Former President Gerald Ford once said, “A government big enough to give you everything you want is a government big enough to take everything you have.”
More and more farmers are feeling the ironic sting of this caution firsthand. Toward the end of February, we heard about President Obama’s proposal calling for the elimination of direct payments to large “agribusinesses,” which has drawn a strong reaction from members of Congress and some of the nation’s farm organizations.
Before that, and out of the blue, farmers who lease and farm federally-owned lands were told by USDA that their crop bases were being eliminated. For many of them, it starts now.
No doubt, the federal lands rule has raised emotion in farmers throughout the Delta, not because it affects a lot of farmers minimally, but because it impacts a few farmers substantially. And to me, that’s a major flaw of the rule.
First and foremost, the intent of the farm bill should be to equitably benefit every farmer within a specific commodity program. Taking subsidy payments away from one rice farmer because he leases federally-owned lands puts him at a competitive disadvantage to another rice farmer who does not lease and farm federal lands. We can argue the merits of subsidies until we’re blue in the face, but the fact remains, if they are dispensed, they need to be dispensed as equitably as possible among farmers.
The action “undercuts the congressionally mandated income safety net for farmers by removing that safety net from those farmers that happen to rent cropland owned by the federal government,” wrote Bill Gillon, general counsel for the National Cotton Council, on his Web site. “It devalues land owned by the federal government, makes it difficult for such land to be put into productive use, will remove conservation requirements applicable to such land if operated under farm programs, and unfairly and unreasonably targets farmers who rent and farm federal land.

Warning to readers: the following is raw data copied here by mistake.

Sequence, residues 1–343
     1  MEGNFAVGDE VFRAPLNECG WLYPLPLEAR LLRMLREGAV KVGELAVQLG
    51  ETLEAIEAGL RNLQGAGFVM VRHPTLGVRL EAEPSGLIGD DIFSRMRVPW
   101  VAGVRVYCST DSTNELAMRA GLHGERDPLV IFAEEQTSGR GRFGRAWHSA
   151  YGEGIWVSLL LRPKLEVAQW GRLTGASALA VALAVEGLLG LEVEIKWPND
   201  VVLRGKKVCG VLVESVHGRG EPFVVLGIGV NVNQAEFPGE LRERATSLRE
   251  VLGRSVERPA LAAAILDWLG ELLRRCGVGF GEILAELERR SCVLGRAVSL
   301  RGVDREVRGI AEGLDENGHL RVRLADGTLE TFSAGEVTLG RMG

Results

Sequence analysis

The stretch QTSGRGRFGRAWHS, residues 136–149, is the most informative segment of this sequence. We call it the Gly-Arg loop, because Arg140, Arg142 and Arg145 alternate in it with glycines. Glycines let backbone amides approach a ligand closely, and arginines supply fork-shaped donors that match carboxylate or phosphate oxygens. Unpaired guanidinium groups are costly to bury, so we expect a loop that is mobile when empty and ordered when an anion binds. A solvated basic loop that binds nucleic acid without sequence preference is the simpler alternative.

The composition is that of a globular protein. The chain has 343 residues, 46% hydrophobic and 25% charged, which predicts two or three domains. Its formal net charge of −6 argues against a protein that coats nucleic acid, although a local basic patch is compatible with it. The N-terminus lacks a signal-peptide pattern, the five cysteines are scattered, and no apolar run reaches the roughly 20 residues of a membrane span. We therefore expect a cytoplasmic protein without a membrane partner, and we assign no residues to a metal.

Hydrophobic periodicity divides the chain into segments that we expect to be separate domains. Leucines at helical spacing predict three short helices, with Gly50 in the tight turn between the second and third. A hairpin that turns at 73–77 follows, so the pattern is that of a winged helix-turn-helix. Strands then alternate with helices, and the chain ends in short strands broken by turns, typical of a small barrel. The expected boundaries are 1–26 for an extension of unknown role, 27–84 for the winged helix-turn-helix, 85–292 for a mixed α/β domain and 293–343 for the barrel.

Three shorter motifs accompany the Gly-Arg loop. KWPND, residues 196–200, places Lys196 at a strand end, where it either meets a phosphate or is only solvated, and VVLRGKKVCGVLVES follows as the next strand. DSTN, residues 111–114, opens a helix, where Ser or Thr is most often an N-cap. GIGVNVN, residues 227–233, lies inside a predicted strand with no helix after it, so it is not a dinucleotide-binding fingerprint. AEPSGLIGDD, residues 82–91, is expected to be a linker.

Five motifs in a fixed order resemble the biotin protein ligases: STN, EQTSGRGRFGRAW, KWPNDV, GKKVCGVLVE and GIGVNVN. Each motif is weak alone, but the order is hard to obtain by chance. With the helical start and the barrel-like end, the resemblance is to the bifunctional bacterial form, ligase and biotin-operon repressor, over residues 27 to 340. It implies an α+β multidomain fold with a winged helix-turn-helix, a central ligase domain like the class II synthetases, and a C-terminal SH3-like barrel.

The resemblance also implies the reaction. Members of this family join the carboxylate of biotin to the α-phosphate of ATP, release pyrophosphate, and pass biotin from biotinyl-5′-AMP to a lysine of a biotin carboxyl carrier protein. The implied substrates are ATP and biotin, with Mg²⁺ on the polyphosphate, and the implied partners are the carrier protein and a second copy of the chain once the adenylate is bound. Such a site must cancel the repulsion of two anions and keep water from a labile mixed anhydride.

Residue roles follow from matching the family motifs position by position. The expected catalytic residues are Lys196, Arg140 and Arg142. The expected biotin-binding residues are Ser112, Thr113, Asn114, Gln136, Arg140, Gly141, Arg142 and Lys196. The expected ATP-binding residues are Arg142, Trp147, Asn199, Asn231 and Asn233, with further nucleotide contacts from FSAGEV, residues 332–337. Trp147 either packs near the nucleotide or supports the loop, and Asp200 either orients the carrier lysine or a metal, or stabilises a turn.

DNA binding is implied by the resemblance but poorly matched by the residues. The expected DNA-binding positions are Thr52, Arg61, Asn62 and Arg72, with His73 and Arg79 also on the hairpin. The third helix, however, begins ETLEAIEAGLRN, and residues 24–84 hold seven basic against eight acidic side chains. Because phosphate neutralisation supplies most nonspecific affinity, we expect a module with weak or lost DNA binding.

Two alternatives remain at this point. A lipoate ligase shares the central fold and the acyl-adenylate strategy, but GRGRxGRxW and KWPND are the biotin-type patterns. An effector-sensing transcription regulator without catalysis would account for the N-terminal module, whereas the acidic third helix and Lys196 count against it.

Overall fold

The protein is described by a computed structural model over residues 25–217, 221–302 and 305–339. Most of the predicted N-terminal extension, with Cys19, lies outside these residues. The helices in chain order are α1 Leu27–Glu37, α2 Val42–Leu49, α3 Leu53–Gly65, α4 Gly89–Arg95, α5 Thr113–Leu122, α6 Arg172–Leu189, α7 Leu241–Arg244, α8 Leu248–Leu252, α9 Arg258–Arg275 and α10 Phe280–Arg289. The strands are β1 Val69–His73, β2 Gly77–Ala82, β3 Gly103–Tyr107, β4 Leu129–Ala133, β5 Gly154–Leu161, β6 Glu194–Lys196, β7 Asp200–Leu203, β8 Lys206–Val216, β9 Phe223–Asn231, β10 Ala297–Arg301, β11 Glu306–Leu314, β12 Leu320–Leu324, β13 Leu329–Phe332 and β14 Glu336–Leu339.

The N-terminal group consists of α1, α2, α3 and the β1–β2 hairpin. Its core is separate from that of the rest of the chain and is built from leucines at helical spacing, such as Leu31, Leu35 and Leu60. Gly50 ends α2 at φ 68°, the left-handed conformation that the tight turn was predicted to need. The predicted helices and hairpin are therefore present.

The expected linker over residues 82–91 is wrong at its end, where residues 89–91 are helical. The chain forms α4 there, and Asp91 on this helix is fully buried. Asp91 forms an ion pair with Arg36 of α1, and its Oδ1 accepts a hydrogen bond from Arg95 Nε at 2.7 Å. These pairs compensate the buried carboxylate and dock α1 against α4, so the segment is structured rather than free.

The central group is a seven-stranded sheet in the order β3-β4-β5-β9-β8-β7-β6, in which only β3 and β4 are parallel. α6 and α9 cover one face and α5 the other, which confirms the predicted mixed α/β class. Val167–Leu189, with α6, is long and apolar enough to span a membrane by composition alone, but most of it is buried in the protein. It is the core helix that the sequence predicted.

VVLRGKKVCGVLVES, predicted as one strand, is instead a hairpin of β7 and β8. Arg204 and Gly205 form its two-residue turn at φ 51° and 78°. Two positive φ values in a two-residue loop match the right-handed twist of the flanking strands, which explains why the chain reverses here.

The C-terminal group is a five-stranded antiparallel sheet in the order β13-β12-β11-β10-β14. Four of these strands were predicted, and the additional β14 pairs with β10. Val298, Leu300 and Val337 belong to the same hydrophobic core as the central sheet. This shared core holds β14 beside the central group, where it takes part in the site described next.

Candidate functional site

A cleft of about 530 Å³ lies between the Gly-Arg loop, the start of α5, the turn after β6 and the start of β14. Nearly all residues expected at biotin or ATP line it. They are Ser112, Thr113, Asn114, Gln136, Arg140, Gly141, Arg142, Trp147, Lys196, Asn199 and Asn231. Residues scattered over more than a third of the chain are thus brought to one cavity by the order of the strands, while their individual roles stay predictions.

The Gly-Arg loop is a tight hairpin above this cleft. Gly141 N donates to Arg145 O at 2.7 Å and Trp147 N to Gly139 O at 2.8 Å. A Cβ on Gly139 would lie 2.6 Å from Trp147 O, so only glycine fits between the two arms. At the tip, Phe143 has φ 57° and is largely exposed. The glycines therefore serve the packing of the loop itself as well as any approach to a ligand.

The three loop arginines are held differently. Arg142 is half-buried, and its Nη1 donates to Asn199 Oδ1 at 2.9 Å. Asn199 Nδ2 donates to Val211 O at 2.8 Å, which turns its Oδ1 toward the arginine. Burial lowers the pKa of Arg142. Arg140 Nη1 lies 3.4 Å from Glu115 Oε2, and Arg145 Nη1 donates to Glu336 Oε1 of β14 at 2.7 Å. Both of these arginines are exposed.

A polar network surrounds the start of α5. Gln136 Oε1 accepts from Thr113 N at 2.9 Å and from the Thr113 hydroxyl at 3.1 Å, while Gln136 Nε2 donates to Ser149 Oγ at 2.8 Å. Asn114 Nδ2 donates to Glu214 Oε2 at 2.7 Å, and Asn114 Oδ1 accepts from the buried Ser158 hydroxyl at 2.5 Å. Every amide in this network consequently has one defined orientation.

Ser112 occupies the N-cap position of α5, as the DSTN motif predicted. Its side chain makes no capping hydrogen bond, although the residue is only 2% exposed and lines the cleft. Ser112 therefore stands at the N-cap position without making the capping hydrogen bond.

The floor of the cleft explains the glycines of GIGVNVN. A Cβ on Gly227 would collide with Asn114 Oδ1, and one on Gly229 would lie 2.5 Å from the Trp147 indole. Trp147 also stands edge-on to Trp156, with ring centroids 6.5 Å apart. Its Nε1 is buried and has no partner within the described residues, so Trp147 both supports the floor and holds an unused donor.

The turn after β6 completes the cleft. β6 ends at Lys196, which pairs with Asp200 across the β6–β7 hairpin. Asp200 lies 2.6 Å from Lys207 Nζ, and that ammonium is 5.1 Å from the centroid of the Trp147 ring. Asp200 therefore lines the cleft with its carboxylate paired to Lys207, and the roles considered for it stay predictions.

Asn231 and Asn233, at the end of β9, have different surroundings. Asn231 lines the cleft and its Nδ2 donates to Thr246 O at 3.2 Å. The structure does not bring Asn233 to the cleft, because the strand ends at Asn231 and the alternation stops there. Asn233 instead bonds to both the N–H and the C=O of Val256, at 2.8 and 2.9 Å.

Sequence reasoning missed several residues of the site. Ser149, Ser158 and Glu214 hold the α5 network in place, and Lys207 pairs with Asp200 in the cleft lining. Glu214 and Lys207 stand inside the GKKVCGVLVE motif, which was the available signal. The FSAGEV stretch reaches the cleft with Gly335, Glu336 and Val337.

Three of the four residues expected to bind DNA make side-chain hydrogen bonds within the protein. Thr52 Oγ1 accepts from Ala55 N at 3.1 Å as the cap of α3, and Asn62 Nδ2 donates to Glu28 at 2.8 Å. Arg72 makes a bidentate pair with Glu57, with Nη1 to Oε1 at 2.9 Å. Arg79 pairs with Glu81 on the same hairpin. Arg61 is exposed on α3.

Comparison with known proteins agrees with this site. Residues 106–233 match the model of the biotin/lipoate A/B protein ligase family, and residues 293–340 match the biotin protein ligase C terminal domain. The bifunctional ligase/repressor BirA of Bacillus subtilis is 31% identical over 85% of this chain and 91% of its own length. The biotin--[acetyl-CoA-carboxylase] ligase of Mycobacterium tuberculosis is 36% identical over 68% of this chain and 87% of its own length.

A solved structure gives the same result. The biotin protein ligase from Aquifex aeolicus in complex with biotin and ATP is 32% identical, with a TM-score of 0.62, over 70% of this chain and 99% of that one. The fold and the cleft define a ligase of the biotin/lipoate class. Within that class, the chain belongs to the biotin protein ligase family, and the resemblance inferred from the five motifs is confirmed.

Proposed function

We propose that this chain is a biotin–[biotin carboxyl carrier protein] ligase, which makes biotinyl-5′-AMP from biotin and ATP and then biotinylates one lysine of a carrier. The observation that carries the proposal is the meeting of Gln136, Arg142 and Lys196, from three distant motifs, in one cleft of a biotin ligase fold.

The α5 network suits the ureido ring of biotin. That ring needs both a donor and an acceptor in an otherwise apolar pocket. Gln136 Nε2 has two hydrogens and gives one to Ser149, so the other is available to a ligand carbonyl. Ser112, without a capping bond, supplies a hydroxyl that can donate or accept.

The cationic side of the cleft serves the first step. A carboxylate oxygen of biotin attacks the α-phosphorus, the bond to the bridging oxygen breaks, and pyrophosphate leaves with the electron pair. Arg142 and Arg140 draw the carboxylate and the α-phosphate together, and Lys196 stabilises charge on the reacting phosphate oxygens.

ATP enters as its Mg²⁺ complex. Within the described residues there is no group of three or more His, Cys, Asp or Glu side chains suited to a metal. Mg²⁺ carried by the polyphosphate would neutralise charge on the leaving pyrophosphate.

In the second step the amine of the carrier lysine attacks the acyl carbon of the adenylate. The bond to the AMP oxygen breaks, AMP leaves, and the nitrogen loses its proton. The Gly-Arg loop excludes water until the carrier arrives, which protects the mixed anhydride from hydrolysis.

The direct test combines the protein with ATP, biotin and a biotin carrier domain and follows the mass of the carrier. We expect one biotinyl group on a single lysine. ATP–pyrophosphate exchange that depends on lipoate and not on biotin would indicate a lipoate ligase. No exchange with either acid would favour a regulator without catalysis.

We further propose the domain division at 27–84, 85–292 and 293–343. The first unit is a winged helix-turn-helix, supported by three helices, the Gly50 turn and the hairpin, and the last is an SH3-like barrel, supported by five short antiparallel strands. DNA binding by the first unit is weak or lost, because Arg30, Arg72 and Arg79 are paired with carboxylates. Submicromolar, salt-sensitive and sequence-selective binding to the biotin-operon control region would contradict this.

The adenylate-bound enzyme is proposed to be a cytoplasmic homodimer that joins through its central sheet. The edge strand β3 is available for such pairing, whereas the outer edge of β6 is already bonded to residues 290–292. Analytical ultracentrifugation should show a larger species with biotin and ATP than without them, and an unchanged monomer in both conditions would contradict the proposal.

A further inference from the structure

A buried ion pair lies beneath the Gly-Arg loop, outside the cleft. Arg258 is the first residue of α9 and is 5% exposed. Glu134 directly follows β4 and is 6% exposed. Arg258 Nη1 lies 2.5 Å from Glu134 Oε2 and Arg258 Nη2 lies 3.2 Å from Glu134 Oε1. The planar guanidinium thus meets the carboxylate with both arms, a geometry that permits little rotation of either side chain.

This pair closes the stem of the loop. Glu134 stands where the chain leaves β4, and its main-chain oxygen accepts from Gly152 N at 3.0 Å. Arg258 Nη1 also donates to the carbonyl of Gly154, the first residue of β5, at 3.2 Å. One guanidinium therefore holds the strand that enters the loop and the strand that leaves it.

“The Department of Agriculture provided no rationale for this step, cited no authority, provided no opportunity for comment, and provided no analysis concerning the potential impact of this action. It is without precedent that crop acreage base operated by farmers for many, many years would be suddenly terminated without regard to the impact on farms and individual farming operations.”
Members of Congress are listening to farmers concerned about the rule.
Noted Hunter Moorhead, a staffer with Sen. Thad Cochran, R-Miss., “Sen. Cochran’s office is working with USDA and urges the department to reconsider this farm policy decision. At a time of economic uncertainty, this farm policy decision could greatly impact local economies if cropland sits idle.”
But they’ve got their work cut out for them.
President Obama is attacking agriculture on another front. In his budget recommendations for fiscal 2010, the president is asking Congress to end direct payments to large farming operations, reduce subsidies for federal crop insurance programs and eliminate storage payments on cotton.
The proposal also calls for phasing out farm program payments to growers with incomes of more than $500,000 over a three-year period, eliminating funding for the Resource Conservation and Development Program and a 20 percent reduction in USDA Market Access Promotion program funding.
Government may have given up the axe as tool for cutting farm programs, but have gone to the chisel to just as effectively whittle away the farmers’ safety net.